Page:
Armed Forces Week: Honoring those who serve by Ray G. Smith Gen. George S. Patton once said "? the highest obligation and privilege of citizenship is that of bearing arms for one's country."
Military service is the highest form of citizenship. Today's men and women serving in our nation's armed forces are living proof of that.
Our government recognizes their outstanding service by setting aside a week each year in May for Americans to honor the efforts of America's uniformed troops. This year's Armed Forces Week observance starts Saturday, May 12 and concludes on Sunday, May 20.
Though our country has not been involved in any protracted military actions since the Vietnam War, our troops haven't exactly been at peace. There was Grenada, Panama, Desert Shield, Desert Storm, Somalia, Bosnia, Kosovo, and many other engagements or incidents that placed our troops in harm's way.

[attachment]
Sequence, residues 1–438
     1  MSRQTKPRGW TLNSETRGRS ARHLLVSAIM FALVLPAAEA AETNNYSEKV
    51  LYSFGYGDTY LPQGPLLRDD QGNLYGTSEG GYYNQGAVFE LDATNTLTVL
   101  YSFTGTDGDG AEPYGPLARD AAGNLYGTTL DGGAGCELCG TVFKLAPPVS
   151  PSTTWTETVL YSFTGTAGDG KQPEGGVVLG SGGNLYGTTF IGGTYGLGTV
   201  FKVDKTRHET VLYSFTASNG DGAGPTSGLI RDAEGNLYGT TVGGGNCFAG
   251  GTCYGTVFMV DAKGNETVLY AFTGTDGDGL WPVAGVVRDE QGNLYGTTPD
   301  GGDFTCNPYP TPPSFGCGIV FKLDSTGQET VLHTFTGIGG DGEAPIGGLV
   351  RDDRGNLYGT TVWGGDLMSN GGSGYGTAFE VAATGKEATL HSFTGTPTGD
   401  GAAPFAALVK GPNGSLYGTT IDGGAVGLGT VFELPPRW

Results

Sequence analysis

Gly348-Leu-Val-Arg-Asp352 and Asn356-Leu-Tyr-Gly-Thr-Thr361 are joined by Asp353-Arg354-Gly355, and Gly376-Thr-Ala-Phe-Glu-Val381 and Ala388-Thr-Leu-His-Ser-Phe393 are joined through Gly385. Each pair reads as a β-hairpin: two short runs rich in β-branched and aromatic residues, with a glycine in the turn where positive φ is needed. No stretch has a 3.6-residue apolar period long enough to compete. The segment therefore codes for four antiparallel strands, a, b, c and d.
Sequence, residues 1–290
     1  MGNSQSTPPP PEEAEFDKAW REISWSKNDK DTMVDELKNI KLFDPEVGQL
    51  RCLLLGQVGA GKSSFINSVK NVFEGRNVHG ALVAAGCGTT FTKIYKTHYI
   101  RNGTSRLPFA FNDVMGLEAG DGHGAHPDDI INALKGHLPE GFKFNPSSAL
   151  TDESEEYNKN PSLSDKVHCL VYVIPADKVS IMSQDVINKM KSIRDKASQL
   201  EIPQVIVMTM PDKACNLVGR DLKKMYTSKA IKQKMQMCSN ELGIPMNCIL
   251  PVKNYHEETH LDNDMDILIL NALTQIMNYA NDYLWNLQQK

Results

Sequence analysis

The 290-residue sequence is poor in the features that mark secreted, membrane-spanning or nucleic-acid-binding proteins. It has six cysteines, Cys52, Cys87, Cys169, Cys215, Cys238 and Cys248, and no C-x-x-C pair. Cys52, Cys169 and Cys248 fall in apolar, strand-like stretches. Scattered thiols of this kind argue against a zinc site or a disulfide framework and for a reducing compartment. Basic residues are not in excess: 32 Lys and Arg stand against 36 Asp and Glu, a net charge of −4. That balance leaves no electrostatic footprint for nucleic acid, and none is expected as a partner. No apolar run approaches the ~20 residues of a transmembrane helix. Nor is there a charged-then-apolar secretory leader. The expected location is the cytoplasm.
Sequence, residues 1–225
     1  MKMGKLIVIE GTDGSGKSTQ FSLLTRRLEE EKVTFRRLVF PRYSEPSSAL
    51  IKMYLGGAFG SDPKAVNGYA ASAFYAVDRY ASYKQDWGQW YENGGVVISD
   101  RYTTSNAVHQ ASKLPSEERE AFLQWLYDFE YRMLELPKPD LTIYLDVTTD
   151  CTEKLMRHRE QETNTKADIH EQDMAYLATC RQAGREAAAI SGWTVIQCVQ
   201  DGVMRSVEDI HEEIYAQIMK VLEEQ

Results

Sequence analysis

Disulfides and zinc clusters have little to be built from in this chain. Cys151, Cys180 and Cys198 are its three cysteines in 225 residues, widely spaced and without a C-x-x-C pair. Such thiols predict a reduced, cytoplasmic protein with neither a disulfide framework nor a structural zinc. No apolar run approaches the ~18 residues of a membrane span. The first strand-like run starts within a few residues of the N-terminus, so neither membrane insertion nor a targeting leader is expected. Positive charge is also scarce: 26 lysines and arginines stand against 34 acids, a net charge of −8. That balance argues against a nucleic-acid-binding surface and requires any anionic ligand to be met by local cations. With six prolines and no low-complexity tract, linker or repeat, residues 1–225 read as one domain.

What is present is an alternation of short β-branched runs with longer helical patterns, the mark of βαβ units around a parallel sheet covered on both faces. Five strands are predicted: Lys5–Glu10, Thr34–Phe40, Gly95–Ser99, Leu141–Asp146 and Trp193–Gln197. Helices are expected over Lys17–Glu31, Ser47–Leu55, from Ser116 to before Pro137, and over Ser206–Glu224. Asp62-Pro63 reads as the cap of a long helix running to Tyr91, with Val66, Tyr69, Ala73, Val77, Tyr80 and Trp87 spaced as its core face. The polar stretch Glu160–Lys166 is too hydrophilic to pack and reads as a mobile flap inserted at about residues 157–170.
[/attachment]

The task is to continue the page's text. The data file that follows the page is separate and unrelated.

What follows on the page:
If you've scanned the national news headlines lately, you are no doubt familiar with some of the recent tragedies involving America's military. Every day, they are engaged in a dangerous occupation that all too many Americans take for granted. As we sleep, they are on patrol in the skies over Iraq, the seas across the globe and the streets of Kosovo. They remain vigilant in our defense.
Through it all, our troops uphold the highest traditions of military service.
In the American Legion, we are proud of our uniformed men and women serving around the world. They are among the best and brightest America has to offer.
And we're equally proud that our organization, the world's largest of its kind, continues to attract these uniformed veterans to fill our ranks, just as generations before them have joined.
Thousands of today's active duty and reserve soldiers, sailors, airmen, Marines, and Coast Guardsmen continue to serve their country and community in their off-duty time, by donning a Legion cap and volunteering at their local posts.
It is true that today's armed forces are different than those of decades past, but our service members' spirit of service remains alive and well.
To each and every member of America's Armed Forces � active duty. Reserves and National Guard � your fellow Americans say, "thank you."
Ray G. Smith is national commander of the 2.8 million-member American Legion, the nation's largest veterans organization.